November 2018 is here, and with Thanksgiving approaching, the Kluge Center welcomed four new fellows into residence. Here are the projects they will be working on:
Gianandrea Nodari, our incoming Kluge Fellow, arrived from El Colegio de Mexico. During his residency, Gianandrea will focus on his project, “The Monetary History of the Mexican Revolution, 1913-1918.” While in residence, Gianandrea will examine local Mexican newspapers in the Newspaper Microfilm collection, diplomatic and consular reports of U.S. government officials in Mexico, as well as the personal papers of figures such as Henry Prather Fletcher, William H. Taft, Robert Lansing, and Frederick Dixon. He hopes to offer a complete overview of the economic, political, and social transformations that characterized the process of creating a new Mexican monetary system. His ultimate goal is to shed light on the shaping of monetary sovereignty in Mexico which went hand in hand with the construction of the new revolutionary state.
Charlotte Rogers, our incoming Lovelace Fellow, arrived from the University of Virginia. During her residency, Charlotte will conduct research on her project, “Dancing through the Storm: Creative Responses to Hurricanes in the Greater Caribbean.” While in residence, Charlotte will use the Lomax Collections to study how individuals and communities from the Caribbean and Southern United States have created artistic responses to hurricanes in the twentieth and twenty-first centuries. She hopes to show how creating art in the midst and aftermath of storms assuages survivors’ suffering, memorializes victims, provides a call to political action, encourages resilience to disaster, and inscribes environmental upheaval into cultural memory. Her work hopes to call attention to the creative ways marginalized peoples of the Greater Caribbean overcome disasters.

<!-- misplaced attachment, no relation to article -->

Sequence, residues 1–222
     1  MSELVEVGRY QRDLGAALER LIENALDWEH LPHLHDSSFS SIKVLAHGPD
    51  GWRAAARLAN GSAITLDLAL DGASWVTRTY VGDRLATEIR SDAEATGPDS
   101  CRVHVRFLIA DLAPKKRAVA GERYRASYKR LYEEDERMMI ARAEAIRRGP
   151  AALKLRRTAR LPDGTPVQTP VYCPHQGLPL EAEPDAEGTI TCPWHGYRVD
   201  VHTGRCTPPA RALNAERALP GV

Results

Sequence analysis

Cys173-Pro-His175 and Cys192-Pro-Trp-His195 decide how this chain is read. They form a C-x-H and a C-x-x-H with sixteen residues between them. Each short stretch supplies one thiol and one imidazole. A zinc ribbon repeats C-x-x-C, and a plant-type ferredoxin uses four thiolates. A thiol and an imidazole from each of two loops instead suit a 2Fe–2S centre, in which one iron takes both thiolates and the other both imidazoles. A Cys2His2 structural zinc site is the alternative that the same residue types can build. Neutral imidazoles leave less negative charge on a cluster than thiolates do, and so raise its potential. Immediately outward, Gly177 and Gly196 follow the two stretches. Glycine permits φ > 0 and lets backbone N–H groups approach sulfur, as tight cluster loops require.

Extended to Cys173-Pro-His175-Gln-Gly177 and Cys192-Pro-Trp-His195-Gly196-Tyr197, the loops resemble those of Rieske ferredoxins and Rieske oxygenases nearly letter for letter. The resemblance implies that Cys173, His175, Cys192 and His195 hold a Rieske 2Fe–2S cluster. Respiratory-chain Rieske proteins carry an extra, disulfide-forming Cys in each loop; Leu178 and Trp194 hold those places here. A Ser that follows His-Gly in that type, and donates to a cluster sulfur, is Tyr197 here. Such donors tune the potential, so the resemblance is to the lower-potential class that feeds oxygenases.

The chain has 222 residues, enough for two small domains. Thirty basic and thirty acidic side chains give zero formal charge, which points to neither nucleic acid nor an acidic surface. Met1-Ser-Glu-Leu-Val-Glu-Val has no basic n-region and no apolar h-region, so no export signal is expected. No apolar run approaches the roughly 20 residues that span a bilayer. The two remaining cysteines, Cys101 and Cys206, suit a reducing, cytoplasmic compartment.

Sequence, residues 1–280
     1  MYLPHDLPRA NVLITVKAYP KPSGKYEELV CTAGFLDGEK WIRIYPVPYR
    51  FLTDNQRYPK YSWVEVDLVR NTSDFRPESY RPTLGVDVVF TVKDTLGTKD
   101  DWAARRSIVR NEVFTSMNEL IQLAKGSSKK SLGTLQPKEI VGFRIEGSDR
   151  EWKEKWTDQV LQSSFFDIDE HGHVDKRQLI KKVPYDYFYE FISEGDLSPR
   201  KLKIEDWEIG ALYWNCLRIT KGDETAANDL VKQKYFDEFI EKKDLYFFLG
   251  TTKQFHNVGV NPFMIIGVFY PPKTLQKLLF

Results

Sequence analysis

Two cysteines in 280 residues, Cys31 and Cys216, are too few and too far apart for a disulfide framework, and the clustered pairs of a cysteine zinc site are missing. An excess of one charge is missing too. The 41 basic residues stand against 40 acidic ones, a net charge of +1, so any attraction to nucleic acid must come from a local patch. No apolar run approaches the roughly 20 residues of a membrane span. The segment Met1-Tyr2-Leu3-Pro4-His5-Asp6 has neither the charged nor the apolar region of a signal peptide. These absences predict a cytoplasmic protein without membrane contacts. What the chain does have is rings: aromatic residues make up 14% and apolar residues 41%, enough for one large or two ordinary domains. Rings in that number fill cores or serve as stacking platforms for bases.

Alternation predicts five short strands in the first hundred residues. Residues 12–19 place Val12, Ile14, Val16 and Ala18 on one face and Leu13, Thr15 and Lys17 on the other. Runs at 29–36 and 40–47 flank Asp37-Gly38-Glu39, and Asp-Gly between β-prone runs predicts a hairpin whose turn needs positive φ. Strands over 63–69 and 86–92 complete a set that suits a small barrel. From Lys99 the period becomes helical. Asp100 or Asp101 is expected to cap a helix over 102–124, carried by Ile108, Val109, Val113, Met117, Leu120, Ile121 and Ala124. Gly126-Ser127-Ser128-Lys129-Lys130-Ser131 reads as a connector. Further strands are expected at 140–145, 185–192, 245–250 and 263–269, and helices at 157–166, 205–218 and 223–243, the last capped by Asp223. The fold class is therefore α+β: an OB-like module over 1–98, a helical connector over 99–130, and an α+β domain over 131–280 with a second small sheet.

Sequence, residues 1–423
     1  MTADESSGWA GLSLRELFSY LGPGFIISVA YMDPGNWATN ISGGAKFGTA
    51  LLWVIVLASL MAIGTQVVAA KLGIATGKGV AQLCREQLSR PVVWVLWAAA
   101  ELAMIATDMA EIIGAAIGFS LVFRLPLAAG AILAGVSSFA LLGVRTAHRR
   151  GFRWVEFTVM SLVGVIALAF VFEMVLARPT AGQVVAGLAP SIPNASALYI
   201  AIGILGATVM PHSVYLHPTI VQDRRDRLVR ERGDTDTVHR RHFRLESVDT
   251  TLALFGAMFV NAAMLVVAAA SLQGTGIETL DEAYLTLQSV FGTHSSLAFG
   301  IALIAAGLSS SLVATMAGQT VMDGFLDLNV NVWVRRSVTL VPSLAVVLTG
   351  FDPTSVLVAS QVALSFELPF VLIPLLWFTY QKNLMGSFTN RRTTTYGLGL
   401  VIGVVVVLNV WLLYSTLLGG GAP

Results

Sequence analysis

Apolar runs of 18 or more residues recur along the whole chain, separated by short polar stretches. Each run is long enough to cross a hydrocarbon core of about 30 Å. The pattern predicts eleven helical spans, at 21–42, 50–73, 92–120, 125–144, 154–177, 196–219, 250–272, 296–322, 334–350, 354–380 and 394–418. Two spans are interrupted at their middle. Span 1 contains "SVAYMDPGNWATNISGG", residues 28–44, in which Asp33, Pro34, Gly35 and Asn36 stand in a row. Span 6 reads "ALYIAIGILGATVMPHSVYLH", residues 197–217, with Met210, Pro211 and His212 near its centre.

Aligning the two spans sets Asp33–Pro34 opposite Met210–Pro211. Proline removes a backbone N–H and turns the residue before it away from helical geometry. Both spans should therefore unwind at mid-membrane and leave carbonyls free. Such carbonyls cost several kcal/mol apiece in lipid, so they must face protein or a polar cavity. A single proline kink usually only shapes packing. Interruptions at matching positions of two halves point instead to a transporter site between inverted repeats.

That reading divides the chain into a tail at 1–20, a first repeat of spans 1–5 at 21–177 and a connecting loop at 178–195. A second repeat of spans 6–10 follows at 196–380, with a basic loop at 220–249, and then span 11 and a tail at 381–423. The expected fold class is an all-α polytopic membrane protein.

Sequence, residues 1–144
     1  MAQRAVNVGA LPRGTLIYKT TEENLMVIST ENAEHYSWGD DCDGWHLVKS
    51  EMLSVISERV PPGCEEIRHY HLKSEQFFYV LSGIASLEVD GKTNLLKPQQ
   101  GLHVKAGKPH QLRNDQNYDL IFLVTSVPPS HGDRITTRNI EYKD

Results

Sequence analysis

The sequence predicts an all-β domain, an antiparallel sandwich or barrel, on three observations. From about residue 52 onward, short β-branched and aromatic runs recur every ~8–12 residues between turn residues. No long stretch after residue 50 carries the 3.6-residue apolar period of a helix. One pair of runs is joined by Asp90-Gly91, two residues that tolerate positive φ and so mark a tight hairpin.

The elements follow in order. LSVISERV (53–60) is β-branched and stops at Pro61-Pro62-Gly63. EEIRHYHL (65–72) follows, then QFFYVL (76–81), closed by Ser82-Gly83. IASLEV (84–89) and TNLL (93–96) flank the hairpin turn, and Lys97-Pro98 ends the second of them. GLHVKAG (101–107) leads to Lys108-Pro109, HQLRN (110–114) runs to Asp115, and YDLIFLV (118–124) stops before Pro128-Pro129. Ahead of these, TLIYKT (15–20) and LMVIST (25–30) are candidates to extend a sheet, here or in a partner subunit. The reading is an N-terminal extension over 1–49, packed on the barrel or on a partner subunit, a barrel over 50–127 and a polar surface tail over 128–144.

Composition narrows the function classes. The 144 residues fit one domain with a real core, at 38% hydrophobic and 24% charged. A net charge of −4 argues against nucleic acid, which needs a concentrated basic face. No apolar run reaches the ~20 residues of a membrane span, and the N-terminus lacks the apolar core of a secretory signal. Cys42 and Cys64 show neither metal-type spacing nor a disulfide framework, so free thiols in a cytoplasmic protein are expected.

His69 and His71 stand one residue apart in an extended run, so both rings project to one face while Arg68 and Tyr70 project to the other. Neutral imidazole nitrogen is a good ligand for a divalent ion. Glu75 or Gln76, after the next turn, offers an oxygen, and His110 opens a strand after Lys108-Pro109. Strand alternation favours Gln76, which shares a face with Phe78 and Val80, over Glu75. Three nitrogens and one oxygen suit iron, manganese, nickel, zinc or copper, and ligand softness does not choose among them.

Joshua Kopin, our first incoming Swann Fellow, arrived from the University of Texas, Austin. Joshua seeks to analyze how comics coalesced in the United States as a distinctly mass, modern, and popular form at the end of the nineteenth century. He argues that as comics diverged from caricature and cartoon, they came quickly to bridge distinct moments in time. He observes that this can be seen in the formal debt that comics owe to the chronophotographs of Edweard Muybridge. He will explore collections in the Prints & Photographs, Serials, and Rare Book & Special Collections Divisions.
Jillian Vaum, our second incoming Swann Fellow, arrived from the University of Pennsylvania. Jillian has observed that increased visibility of free African Americans in the civic, economic, and social life of northern antebellum cities engendered frequent representation in genre paintings, minstrel shows, and the pictorial press. She contends that caricatures of free black life, political cartoons responding to abolitionist activity, and mass distribution of minstrelsy ephemera shaped the way antebellum portraiture could be rendered or understood. She plans to focus her study mainly on research scenes of free black labor and urban life, music covers, and minstrel posters in the Prints & Photographs Division collections.
Check back next month for more arriving scholars. Click here for the full list of scholars currently in residence.